The Impact of Child Support Enforcement on Fertility, Parental Investment and Child Well-Being
Increasing the probability of paying child support, in addition to increasing resources available for investment in children, may also alter the incentives faced by men to have children out of wedlock. We find that strengthening child support enforcement leads men to have fewer out-of-wedlock births and among those who do become fathers, to do so with more educated women and those with a higher propensity to invest in children. Thus, policies that compel men to pay child support may affect child outcomes through two pathways: an increase in financial resources and a birth selection process.
|Date of creation:||Aug 2005|
|Date of revision:|
|Publication status:||published as Aizer, Anna and Sara McLanahan. "The Impact Of Child Support Enforcement On Fertility, Parental Investments, and Child Well-Being," Journal of Human Resources, 2006, v41(1,Winter), 28-45.|
|Contact details of provider:|| Postal: |
Web page: http://www.nber.orgEmail:
More information through EDIRC
Please report citation or reference errors to , or , if you are the registered author of the cited work, log in to your RePEc Author Service profile, click on "citations" and make appropriate adjustments.:
- Laura M. Argys & H. Elizabeth Peters & Donald M. Waldman, 2001. "Can the Family Support Act Put Some Life Back into Deadbeat Dads?: An Analysis of Child-Support Guidelines, Award Rates, and Levels," Journal of Human Resources, University of Wisconsin Press, vol. 36(2), pages 226-252.
- Lucia A. Nixon, 1997. "The Effect of Child Support Enforcement on Marital Dissolution," Journal of Human Resources, University of Wisconsin Press, vol. 32(1), pages 159-181.
- Anne C. Case & I-Fen Lin & Sara S. Mclanahan, 2003.
"Explaining Trends In Child Support: Economic, Demographic, And Policy Effects,"
259, Princeton University, Woodrow Wilson School of Public and International Affairs, Center for Health and Wellbeing..
- Anne Case & I-Fen Lin & Sara Mclanahan, 2003. "Explaining trends in child support: Economic, demographic, and policy effects," Demography, Springer, vol. 40(1), pages 171-189, February.
- Miller, Cynthia & Garfinkel, Irwin & McLanahan, Sara, 1997. "Child Support in the U.S.: Can Fathers Afford to Pay More?," Review of Income and Wealth, International Association for Research in Income and Wealth, vol. 43(3), pages 261-81, September.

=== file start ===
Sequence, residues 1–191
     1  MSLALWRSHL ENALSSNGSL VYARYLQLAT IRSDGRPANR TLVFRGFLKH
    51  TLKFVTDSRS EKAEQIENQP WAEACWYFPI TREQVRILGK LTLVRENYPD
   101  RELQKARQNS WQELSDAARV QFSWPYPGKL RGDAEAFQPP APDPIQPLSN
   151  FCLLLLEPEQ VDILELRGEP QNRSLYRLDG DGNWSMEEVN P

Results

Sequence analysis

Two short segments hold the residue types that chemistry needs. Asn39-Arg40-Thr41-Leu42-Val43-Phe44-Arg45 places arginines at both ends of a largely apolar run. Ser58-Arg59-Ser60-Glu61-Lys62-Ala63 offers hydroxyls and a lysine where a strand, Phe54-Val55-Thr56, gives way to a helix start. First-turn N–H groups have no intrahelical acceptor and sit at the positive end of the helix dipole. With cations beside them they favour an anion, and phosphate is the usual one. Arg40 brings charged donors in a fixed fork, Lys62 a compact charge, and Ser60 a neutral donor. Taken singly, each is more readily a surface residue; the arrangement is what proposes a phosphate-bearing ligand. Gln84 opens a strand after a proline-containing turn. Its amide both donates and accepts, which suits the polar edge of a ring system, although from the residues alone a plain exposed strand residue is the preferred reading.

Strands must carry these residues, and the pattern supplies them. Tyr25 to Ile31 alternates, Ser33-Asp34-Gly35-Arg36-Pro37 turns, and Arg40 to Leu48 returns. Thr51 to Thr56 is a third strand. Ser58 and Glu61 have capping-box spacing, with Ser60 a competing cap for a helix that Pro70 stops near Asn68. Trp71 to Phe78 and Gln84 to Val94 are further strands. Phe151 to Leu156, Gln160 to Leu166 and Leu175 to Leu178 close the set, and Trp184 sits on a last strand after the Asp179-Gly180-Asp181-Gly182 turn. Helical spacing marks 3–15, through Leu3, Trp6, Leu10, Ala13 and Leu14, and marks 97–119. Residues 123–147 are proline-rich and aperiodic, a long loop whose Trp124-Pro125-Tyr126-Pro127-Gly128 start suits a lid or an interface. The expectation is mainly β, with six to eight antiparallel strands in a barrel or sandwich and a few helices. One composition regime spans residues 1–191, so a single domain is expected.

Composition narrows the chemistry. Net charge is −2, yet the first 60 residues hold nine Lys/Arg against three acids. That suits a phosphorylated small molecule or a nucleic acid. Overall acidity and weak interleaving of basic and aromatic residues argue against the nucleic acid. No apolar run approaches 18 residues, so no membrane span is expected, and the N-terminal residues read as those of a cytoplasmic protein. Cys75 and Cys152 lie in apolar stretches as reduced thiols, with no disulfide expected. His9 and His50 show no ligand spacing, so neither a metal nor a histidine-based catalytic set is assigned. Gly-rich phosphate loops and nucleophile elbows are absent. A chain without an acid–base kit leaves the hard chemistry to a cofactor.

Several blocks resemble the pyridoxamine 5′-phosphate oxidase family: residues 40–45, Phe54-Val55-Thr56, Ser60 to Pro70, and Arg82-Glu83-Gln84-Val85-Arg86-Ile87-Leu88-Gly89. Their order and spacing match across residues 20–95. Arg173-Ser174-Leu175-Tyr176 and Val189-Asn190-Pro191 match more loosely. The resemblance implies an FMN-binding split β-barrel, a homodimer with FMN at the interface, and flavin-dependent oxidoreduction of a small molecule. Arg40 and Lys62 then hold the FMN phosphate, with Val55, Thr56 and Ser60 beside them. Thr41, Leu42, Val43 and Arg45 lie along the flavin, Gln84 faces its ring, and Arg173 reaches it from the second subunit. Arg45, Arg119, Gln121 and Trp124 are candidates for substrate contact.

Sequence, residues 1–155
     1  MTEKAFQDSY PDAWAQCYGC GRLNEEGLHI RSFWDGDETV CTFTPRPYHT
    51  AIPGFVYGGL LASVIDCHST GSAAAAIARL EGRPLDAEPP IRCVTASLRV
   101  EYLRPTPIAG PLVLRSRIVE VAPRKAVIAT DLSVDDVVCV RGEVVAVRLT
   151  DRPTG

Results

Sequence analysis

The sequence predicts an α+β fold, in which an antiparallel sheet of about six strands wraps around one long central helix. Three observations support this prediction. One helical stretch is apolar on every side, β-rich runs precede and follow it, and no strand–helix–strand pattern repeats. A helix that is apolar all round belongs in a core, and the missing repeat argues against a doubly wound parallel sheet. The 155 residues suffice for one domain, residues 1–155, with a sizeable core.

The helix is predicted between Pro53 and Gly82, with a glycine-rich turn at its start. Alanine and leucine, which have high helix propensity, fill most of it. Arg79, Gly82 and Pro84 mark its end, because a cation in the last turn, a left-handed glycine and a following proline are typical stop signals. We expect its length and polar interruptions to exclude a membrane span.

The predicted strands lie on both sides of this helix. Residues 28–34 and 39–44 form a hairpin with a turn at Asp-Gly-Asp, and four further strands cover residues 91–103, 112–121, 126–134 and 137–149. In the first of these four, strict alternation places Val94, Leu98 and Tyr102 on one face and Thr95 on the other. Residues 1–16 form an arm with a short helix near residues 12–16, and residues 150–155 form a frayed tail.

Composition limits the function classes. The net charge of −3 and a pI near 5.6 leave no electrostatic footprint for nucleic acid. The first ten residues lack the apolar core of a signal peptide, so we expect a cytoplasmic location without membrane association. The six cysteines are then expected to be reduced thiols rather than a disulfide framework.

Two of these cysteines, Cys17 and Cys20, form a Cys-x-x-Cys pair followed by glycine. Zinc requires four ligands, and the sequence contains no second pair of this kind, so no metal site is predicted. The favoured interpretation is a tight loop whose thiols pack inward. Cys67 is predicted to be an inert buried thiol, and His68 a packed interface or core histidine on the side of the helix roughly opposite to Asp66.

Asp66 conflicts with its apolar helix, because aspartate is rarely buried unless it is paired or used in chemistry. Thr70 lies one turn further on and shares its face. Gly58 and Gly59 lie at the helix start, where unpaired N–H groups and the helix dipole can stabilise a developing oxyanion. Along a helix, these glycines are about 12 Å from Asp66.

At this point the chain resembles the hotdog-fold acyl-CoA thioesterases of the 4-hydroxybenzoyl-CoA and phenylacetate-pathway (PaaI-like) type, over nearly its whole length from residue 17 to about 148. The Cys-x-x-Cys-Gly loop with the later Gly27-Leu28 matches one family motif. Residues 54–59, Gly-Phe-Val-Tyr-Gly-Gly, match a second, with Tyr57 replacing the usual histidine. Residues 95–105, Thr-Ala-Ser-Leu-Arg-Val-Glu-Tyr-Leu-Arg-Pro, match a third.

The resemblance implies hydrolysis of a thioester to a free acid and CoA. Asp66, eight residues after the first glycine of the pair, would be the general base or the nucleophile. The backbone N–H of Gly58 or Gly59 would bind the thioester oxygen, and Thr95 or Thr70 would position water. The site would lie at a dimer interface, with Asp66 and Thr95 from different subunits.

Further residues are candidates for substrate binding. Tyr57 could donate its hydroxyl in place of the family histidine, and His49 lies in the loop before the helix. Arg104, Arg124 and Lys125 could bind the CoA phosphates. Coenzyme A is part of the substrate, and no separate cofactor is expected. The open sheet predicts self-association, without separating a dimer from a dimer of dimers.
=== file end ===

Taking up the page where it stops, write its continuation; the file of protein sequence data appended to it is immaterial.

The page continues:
- Virginia W. Knox, 1996. "The Effects of Child Support Payments on Developmental Outcomes for Elementary School-Age Children," Journal of Human Resources, University of Wisconsin Press, vol. 31(4), pages 816-840.
- Laura Argys & H. Peters & Jeanne Brooks-Gunn & Judith Smith, 1998. "The impact of child support on cognitive outcomes of young children," Demography, Springer, vol. 35(2), pages 159-173, May.
- Bradley T. Heim, 2003. "Does Child Support Enforcement Reduce Divorce Rates?: A Reexamination," Journal of Human Resources, University of Wisconsin Press, vol. 38(4).
- Alison Aughinbaugh, 2001. "Signals of Child Achievement as Determinants of Child Support," American Economic Review, American Economic Association, vol. 91(2), pages 140-144, May.
- Robert I. Lerman, 1993. "Policy Watch: Child Support Policies," Journal of Economic Perspectives, American Economic Association, vol. 7(1), pages 171-182, Winter.
When requesting a correction, please mention this item's handle: RePEc:nbr:nberwo:11522. See general information about how to correct material in RePEc.
For technical questions regarding this item, or to correct its authors, title, abstract, bibliographic or download information, contact: ()
If references are entirely missing, you can add them using this form.